Two years of economic slowdown has pushed the number of unemployed to new heights worldwide, with little prospect of any improvement in the global employment situation this year, according to a new report entitled Global Employment Trends, issued by the International Labour Office (ILO).
"The world employment situation is deteriorating dramatically," said Juan Somavia, ILO director general. "While tens of millions of people join the ranks of the unemployed or the working poor, uncertain prospects for a global economic recovery make a reversal of this trend unlikely in 2003."
In the new study, the ILO estimates that the number of unemployed worldwide grew by 20 million since the year 2000 to reach a total of 180 million at the end of last year. In addition, the report says the weakness of labour markets has reversed recent reductions in "working poverty" achieved in the late 1990s.
Particularly hard hit have been women and youth, who often have jobs that are particularly vulnerable to economic shocks, the report says. What's more, unemployed workers pushed into informal jobs in search of work faced even more uncertainty due to the sector's near total lack of unemployment or social security coverage.
At the end of 2002, the number of working poor, or workers living on one dollar or less a day, resumed its upward trend, returning to the level of 550 million recorded in 1998. While the global economic slowdown and post September 11 developments increased unemployment worldwide, Latin America and the Caribbean were hit hardest, with recorded joblessness rising to nearly 10 percent.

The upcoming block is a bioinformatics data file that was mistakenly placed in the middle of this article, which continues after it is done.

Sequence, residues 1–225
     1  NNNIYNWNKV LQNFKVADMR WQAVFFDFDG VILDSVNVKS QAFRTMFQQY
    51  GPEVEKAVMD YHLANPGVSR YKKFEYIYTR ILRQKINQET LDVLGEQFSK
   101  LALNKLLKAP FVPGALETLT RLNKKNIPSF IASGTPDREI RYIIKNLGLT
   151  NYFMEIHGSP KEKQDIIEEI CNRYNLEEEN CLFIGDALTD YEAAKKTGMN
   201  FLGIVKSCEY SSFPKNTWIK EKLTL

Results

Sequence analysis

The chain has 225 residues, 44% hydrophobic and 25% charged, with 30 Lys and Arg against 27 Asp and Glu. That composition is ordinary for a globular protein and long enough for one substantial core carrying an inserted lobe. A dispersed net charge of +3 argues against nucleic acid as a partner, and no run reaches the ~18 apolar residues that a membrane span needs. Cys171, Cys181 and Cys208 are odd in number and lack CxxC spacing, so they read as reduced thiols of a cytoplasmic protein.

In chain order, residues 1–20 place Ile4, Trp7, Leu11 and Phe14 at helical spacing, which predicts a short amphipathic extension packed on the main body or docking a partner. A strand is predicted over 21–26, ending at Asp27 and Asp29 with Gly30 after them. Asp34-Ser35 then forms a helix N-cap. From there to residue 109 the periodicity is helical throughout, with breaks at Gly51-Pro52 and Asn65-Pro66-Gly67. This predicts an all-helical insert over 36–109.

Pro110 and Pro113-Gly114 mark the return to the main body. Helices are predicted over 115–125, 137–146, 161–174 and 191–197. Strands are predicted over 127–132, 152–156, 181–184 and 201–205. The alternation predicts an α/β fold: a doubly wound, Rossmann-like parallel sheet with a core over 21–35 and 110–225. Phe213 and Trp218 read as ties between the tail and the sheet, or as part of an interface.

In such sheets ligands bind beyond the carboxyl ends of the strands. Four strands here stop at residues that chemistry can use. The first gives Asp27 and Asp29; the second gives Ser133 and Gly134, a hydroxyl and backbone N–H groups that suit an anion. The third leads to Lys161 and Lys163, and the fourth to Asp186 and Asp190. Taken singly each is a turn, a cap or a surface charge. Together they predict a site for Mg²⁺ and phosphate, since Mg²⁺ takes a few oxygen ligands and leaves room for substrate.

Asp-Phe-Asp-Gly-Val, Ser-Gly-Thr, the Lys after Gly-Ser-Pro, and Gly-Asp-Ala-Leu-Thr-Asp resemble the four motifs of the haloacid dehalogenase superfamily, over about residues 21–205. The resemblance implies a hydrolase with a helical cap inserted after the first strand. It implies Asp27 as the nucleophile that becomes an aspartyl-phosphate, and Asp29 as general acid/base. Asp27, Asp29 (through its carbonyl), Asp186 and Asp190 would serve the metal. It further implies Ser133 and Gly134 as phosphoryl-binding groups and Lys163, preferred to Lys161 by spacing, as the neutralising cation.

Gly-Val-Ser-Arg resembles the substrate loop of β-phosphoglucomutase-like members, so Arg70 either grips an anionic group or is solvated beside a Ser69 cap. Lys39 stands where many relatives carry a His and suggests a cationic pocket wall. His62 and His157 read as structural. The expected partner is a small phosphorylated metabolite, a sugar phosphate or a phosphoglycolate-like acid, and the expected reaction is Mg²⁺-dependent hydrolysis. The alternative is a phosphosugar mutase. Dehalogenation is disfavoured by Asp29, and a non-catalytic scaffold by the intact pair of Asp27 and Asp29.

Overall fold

To absorb new entrants into the labor market and reduce working poverty and unemployment, at least one billion new jobs are needed during the coming decade to get on track for the UN goal of halving extreme poverty by 2015.
In the Middle East, joblessness spiraled in the West Bank and Gaza Strip, while the recession in Israel continued. The Middle East and North Africa experienced a dramatic decline in overall economic conditions over the past two years with Gross Domestic Product (GDP) growth falling from more than six percent in 2000 to 1.5 percent in 2001.
Dismissals and redundancies resulting from reductions in the size of the public sector pushed up unemployment, which reached double-digit levels in some countries. Youth unemployment was distressingly high in some countries, including Syria, Algeria, Bahrain and Morocco.
Moreover, the Gulf countries are increasingly adopting policies to replace migrant workers with their own nationals, a move that could have significant consequences for employment as well as remittances to countries supplying labor. — (menareport.com)
© 2003 Mena Report (www.menareport.com )